Thursday, September 28, 2017

Umberto Eco's Travels in Hyperreality

Umberto Eco's Travels in Hyperreality was an impulsive used bookstore purchase. It consists of only loosely connected essays. The hyperreality one is good--he traveled around the United States to examine how we construct different realities. Sometimes they are copies of European originals and sometimes, like Disneyland and Disney World, we construct fake worlds that are intended to be artificial but actually better than reality. And he can be pretty funny.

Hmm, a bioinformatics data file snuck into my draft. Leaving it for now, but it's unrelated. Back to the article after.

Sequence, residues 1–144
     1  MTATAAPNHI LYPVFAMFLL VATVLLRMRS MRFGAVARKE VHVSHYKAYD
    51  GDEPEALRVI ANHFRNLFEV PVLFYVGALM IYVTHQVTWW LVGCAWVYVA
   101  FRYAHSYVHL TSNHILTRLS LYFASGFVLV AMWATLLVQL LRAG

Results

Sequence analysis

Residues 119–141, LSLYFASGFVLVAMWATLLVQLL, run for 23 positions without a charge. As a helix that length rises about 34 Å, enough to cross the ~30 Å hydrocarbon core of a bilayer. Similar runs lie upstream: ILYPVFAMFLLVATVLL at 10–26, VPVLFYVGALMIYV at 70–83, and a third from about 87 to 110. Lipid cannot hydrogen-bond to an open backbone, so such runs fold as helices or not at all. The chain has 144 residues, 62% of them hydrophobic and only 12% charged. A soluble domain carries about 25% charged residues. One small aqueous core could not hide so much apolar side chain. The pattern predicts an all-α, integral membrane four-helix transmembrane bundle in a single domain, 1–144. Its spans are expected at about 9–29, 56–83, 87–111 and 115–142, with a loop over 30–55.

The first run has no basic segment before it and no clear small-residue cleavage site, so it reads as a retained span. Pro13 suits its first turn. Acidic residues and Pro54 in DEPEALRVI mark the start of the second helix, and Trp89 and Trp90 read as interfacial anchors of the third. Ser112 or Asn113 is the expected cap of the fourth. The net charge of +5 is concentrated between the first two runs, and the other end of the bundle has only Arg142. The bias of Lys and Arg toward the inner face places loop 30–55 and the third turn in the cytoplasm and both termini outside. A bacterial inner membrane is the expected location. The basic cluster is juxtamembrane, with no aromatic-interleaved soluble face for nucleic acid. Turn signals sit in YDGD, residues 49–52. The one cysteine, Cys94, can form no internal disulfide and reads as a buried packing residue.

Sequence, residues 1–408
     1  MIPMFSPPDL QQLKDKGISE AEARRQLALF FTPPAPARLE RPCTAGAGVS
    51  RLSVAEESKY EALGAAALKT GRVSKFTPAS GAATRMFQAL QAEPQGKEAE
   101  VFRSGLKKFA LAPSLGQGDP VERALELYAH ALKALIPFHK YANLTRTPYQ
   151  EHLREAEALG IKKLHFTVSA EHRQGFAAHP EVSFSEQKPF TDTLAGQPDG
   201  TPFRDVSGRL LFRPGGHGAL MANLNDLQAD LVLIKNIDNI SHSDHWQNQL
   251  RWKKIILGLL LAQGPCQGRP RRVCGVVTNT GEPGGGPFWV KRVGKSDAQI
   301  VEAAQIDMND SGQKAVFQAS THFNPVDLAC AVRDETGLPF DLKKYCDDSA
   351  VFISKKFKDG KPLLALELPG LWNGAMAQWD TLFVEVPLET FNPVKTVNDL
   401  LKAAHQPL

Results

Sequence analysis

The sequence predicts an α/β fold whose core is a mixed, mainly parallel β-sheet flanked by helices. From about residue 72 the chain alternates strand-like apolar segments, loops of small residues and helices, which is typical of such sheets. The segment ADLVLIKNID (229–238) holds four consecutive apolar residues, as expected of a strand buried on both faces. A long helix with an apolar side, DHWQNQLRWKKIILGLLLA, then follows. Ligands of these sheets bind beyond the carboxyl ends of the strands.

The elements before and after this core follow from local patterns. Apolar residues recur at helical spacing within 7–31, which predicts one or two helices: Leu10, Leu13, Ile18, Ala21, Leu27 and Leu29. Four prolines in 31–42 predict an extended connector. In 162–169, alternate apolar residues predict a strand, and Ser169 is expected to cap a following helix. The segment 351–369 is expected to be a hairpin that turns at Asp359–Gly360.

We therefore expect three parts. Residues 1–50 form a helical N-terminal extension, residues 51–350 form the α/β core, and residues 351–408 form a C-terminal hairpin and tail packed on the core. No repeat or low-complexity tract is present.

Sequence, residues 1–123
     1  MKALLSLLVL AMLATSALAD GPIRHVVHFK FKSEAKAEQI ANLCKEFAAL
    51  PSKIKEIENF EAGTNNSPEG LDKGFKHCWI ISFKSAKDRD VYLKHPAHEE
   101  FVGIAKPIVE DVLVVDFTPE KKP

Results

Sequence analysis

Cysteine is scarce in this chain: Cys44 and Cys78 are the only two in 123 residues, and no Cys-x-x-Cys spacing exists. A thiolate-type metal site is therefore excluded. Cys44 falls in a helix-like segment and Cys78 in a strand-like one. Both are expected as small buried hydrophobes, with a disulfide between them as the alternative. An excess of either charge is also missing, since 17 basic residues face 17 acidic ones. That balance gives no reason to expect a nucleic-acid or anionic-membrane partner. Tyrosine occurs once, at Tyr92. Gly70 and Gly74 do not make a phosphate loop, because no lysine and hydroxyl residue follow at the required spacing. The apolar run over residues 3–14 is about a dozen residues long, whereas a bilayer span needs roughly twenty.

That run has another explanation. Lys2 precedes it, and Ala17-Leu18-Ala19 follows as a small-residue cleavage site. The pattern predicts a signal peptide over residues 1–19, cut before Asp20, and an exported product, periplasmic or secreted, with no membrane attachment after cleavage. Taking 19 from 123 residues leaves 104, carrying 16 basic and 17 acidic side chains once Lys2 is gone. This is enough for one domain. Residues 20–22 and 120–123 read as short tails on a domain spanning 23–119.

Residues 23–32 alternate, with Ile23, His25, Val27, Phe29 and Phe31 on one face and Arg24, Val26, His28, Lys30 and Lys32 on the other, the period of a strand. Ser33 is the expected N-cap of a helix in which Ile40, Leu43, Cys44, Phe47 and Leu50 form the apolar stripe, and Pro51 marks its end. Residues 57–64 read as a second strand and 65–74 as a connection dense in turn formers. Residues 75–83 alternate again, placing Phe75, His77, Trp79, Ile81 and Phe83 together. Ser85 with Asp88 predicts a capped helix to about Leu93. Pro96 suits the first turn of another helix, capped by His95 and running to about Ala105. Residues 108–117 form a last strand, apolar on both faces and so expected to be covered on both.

Some of it veers into the impenetrable: "But this sport squared (which involves speculation and barter, selling and enforced consumption) generates a sports cubed, the discussion of sport as something seen" (p. 162). I still am not sure what he's getting at there. And he kept using the word "bricolage." Yet he can be funny even with the dated (the essays span from the late 1960s to the 1980s) stuff, like a discussion of jeans (which for him appeared to be a relatively new thing). He had heightened awareness of how they fit: "A garment that squeezes the testicles makes a man think differently" (p. 193). Indeed.


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